Tag: John Kerry

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Another Kerry Rush to Judgment on Syria

Secretary of State John Kerry (right) and Russian Foreign Minister Sergey Lavrov. (U.N. photo)

Exclusive: The U.N. withdrew its claim that an airstrike hit its Syrian relief convoy but Secretary of State Kerry relied on the outdated claim in lashing out at Russia in a repeat of his earlier rushes to judgment, writes Robert Parry.

Washington’s Hawks Push New Cold War

President Barack Obama talks with advisers, including National Security Advisor Susan E. Rice and Secretary of State John Kerry, prior to meeting with Prime Minister Benjamin Netanyahu of Israel in the Oval Office, Nov. 9, 2015. (Official White House Photo by Pete Souza)

As a fragile and partial cease-fire in Syria totters, the back story is the political warfare in Washington where powerful hawks seek to escalate both the war in Syria and the New Cold War with Russia, ex-British diplomat Alastair Crooke explains.

Al Qaeda’s Ties to US-Backed Syrian Rebels

U.S. Secretary of State John Kerry chats with Russian Foreign Minister Sergey Lavrov outside a room in the Russian Foreign Ministry's Osobnyak Guesthouse in Moscow, Russia, on July 15, 2016. [State Department Photo]

Exclusive: The U.S. is demanding the grounding of Syria’s air force but is resisting Russian demands that U.S.-armed rebels separate from Al Qaeda, a possible fatal flaw in the new cease-fire, writes Gareth Porter.

Washington Hawks Prey on Syrian Killing Fields

Syrian women and children refugees at Budapest railway station. (Photo from Wikipedia)

Official Washington loves to show heartbreaking images of wounded Syrian children with the implicit message that it’s time to invade Syria and impose “regime change” (rather than commit to peace talks), a dilemma addressed by Michael Brenner.

Stalling Obama’s Overtures to Russia

President Barack Obama meets with President Vladimir Putin of Russia on the sidelines of the G20 Summit at Regnum Carya Resort in Antalya, Turkey, Sunday, Nov. 15, 2015. National Security Advisor Susan E. Rice listens at left. (Official White House Photo by Pete Souza)

Washington’s foreign policy mavens are thwarting President Obama’s moves to work with Russia to resolve the Syrian war and reduce other tensions, so the new Cold War can proceed under Hillary Clinton, says ex-British diplomat Alastair Crooke.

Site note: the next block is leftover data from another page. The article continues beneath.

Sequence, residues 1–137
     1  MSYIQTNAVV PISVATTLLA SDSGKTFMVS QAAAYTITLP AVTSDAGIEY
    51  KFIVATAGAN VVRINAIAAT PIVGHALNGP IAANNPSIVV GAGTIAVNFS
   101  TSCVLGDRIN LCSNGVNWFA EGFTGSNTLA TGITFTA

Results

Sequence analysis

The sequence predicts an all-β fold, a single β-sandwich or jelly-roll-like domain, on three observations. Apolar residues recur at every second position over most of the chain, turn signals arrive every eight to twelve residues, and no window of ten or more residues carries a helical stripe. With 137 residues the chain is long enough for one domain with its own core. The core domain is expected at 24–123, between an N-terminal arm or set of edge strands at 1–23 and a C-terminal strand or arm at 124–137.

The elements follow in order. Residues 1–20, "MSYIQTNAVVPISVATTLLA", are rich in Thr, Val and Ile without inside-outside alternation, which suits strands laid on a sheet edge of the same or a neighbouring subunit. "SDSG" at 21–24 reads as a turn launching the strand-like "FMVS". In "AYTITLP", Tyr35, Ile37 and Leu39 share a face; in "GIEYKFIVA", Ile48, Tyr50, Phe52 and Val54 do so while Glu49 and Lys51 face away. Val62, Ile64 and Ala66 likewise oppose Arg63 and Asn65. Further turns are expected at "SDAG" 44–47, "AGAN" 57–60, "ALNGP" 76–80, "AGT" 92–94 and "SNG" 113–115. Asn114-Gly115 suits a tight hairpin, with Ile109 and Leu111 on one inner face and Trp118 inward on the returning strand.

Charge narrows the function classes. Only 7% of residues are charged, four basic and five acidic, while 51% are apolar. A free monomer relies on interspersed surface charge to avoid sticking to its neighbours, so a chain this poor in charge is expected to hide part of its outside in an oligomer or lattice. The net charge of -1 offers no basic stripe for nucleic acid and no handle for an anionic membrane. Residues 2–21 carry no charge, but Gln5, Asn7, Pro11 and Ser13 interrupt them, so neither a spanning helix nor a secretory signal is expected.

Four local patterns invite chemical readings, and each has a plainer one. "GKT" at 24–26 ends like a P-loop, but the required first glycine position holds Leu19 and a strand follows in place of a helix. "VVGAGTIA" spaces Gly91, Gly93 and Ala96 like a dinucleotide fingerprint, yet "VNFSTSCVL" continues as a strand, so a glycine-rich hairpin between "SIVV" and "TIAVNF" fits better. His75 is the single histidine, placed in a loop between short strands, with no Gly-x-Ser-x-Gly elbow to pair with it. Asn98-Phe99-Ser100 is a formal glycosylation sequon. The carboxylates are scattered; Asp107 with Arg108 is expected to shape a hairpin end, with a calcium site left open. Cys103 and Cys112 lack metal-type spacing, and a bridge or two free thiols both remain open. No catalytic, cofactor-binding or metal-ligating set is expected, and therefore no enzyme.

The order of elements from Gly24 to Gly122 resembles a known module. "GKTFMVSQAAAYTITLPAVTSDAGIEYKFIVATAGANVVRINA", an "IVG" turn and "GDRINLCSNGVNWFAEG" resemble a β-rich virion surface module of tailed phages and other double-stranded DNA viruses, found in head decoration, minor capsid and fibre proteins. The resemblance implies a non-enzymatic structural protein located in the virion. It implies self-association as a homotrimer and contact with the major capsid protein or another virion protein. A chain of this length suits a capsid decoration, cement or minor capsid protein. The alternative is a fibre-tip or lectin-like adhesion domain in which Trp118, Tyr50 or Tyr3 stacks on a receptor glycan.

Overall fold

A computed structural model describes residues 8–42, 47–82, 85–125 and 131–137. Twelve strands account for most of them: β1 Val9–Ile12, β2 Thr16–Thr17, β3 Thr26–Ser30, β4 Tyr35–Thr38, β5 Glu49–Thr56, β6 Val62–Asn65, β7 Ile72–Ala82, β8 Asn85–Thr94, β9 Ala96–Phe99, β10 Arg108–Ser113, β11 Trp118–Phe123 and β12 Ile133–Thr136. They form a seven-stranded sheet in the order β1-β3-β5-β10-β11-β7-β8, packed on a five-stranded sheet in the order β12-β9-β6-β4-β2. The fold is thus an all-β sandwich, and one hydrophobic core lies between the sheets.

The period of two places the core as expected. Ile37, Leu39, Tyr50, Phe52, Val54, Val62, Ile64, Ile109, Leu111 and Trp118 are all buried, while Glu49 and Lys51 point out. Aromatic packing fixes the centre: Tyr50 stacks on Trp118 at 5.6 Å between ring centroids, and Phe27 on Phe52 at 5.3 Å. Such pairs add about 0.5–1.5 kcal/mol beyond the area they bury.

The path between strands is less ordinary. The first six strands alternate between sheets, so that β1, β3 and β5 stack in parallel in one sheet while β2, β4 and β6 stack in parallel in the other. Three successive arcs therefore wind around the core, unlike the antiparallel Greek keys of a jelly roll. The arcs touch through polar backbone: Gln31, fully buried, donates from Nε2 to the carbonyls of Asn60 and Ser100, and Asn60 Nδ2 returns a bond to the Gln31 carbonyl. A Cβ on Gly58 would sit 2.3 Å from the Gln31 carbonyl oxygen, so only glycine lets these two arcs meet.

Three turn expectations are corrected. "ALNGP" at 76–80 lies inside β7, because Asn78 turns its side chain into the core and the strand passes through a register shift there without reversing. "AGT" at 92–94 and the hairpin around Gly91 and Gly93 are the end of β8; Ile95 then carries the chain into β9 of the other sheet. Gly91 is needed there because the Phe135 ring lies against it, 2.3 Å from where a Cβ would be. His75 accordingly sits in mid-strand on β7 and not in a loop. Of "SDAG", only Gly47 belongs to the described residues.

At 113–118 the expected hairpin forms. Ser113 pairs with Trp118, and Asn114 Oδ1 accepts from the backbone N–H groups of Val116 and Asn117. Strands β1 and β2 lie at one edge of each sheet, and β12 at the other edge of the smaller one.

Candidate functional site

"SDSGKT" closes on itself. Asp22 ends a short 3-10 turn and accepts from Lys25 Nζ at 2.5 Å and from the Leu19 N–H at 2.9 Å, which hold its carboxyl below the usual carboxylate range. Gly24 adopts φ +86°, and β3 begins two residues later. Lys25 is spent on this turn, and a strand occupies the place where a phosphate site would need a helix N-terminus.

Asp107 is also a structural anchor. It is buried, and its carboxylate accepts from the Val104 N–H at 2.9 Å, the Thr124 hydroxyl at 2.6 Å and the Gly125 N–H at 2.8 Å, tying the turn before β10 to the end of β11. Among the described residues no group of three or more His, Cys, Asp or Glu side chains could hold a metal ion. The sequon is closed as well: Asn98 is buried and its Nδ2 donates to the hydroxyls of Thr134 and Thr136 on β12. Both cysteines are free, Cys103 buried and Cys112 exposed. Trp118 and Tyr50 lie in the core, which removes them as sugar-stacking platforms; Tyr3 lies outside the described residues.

The ‘Dissent’ Memo That Isn’t

U.S. Secretary of State John Kerry on Aug. 30, 2013, claims to have proof that the Syrian government was responsible for a chemical weapons attack on Aug. 21, 2013, but that evidence failed to materialize or was later discredited. [State Department photo]

The major U.S. media touts a State Department “dissent cable” urging military strikes on the Syrian military as a brave act by 51 diplomats, but it actually matches the views of Secretary Kerry and other top officials, notes Gareth Porter.

Neocons Scheme for More ‘Regime Change’

Assistant Secretary of State for European Affairs Victoria Nuland, who pushed for the Ukraine coup and helped pick the post-coup leaders.

Exclusive: The neocons are back on the warpath, seeking to bomb the Syrian government and scheming to destabilize nuclear-armed Russia en route to another “regime change” – while ignoring the grave dangers, says James W Carden.

Waiting for California and the FBI

Secretary of State Hillary Clinton testifies before Congress on Jan. 23, 2013, about the fatal attack on the U.S. mission in Benghazi, Libya, on Sept. 11. 2012. (Photo from C-SPAN coverage)

Exclusive: Some Democratic leaders are privately scouting around for someone to replace Hillary Clinton if she stumbles again in California and/or the FBI detects a crime in her email scandal, reports Robert Parry.

Stiffing Iran on the Nuke Deal

Secretary of State John Kerry (third from right) with other diplomats who negotiated an interim agreement with Iran on its nuclear program, including Iranian Foreign Minister Javad Zarif, (fifth from the right) . (Photo credit: State Department)

Secretary of State Kerry boasts about how little Iran has gotten from the nuclear deal – accessing only $3 billion of its frozen assets – but that hurts U.S. credibility and endangers the deal, says ex-CIA analyst Paul R. Pillar.